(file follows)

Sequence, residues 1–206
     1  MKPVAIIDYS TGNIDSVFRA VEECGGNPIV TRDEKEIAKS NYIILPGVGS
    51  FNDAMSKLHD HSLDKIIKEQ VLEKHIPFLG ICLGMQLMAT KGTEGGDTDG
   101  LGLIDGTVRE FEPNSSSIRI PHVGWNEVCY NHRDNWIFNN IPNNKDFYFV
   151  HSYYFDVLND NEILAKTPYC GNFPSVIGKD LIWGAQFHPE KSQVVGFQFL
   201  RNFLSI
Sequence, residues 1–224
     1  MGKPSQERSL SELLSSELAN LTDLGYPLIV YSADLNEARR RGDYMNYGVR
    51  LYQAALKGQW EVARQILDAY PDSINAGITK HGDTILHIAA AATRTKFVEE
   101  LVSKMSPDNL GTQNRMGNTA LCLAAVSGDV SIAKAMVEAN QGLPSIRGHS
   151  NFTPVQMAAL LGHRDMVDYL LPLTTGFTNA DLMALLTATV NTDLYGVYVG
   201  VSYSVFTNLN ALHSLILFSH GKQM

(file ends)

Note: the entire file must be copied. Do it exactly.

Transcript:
Sequence, residues 1–206
     1  MKPVAIIDYS TGNIDSVFRA VEECGGNPIV TRDEKEIAKS NYIILPGVGS
    51  FNDAMSKLHD HSLDKIIKEQ VLEKHIPFLG ICLGMQLMAT KGTEGGDTDG
   101  LGLIDGTVRE FEPNSSSIRI PHVGWNEVCY NHRDNWIFNN IPNNKDFYFV
   151  HSYYFDVLND NEILAKTPYC GNFPSVIGKD LIWGAQFHPE KSQVVGFQFL
   201  RNFLSI
Sequence, residues 1–224
     1  MGKPSQERSL SELLSSELAN LTDLGYPLIV YSADLNEARR RGDYMNYGVR
    51  LYQAALKGQW EVARQILDAY PDSINAGITK HGDTILHIAA AATRTKFVEE
   101  LVSKMSPDNL GTQNRMGNTA LCLAAVSGDV SIAKAMVEAN QGLPSIRGHS
   151  NFTPVQMAAL LGHRDMVDYL LPLTTGFTNA DLMALLTATV NTDLYGVYVG
   201  VSYSVFTNLN ALHSLILFSH GKQM